Turkey: Erdogan’s tough options on the economy
His insistence on low interest rates triggered runaway inflation last year, an issue that continued to drag on last month reaching around 43 percent.
Attempts to stabilise the Turkish lira through backdoor methods, like currency swaps with local banks, caused the Central Bank to burn through all its foreign net reserves, posting a balance of $151.3m in the red as of 19 May.
A depreciating lira could have been costly for Erdogan before the parliamentary and presidential elections, which concluded with a runoff on 28 May. That’s why every effort was made to prevent that from happening. Now things are moving.
With low reserves and the elections over, the Central Bank has relaxed its defence of the currency, prompting the US dollar to surge by more than three percent against the lira since Monday.
Erdogan this week said his intention is to solidly manage the economy based on trust and stability, adding that he is aiming to design an internationally reputable financial management plan for the country that would attract investment and nurture an employment-oriented manufacturing economy.
"We are determined to take steps to compensate for the loss of welfare experienced in different parts of our society,” he told business leaders in Ankara on Wednesday.
Erdogan added that his government has a track record of fighting inflation, referring to the 2002-2018 period of his rule.
“We were the ones who relieved our people by reducing the high inflation issue, which had been a headache for the Turkish economy for years, to single digits, and we will do again.”
Freshen up the team
But what are his options?
The first route is appointing a new and credible economy management team, including a finance minister and a Central Bank governor.
Sources familiar with Erdogan’s thinking told Middle East Eye that he was contemplating recruiting Mehmet Simsek, a former economy minister and darling of the markets.
Simsek met Erdogan on Monday night, but it isn’t a done deal yet.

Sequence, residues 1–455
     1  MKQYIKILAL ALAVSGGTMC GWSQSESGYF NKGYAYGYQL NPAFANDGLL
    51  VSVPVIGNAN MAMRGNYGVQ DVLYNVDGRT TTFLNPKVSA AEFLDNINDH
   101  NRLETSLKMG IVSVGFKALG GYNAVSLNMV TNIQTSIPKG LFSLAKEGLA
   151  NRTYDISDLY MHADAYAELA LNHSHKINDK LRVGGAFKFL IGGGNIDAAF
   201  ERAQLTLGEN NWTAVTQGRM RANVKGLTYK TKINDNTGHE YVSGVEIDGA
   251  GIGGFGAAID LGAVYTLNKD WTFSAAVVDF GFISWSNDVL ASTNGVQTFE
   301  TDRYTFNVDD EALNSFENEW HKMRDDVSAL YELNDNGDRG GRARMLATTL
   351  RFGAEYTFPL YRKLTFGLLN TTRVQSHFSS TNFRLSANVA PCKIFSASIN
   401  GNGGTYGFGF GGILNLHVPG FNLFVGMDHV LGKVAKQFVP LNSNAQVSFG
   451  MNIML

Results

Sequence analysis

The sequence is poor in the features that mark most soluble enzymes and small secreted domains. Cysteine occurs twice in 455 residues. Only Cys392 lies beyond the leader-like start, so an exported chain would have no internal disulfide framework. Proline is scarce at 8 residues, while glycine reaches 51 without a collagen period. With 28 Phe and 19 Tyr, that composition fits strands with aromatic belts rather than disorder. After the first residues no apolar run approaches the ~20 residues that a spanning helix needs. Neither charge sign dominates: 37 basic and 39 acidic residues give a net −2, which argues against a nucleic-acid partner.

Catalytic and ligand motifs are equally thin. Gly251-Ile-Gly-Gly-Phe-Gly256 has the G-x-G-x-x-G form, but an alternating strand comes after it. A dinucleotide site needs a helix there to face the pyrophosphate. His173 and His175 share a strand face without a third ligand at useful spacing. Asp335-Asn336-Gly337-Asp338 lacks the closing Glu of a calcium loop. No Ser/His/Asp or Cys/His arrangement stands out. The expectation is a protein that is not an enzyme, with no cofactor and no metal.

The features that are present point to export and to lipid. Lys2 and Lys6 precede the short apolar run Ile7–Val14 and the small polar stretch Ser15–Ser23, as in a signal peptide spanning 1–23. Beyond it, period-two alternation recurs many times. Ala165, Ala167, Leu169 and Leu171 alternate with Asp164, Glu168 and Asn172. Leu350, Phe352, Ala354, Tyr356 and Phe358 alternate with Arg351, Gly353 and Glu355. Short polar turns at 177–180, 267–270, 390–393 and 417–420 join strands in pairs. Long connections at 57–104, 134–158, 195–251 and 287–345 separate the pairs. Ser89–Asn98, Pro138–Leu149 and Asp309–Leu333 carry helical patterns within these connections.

“The president is really adamant about low interest rates,” one person familiar with the issue told MEE. “They can agree on anything but hiking interest rates continue to be an issue.”
The sources said that Simsek had been trying to convince the president to give him a free hand on monetary policy for at least 18 months and wants Erdogan to bring in new ministers closely aligned with his thinking.
“He proposes a gradual increase of interest rates so it wouldn’t be too costly for businesses,” the source said. “He would like to hike the rate from its current 8.5 percent level to as high as 25 percent in time.”
A spokesperson for Simsek declined to comment on the issue.
But there are concerns about whether Erdogan - even if he accepts such a move - would stick with such a policy.
Erdogan is already eying municipal elections in March 2024. And though austerity measures would help bring inflation under control, they could also create unemployment and certain liquidity problems for businesses, which could be problematic for the president at the ballot box.
Wolf Piccoli, a long-term Turkey expert at consultancy firm Teneo, said that if Erdogan changes course and revamps his economic team with credible names, it could freshen the air for international investors.
“There is absolutely the chance of portfolio inflows coming into Turkey,” he told MEE. “That is mainly because in lots of other emerging markets the situation is even more difficult and it's difficult to locate money.”
But Piccoli warns that when it comes to Erdogan the risk always remains: he could sack Simsek or whoever else is appointed finance minister after seeing a decline of support for his Justice and Development Party (AKP) after an initial post-election honeymoon period.
The Turkish president has a history of chopping and changing his economic team.
Timothy Ash, a senior sovereign strategist at Bluebay Asset Management, agrees. He said the markets would think Erdogan could fire Simsek anytime.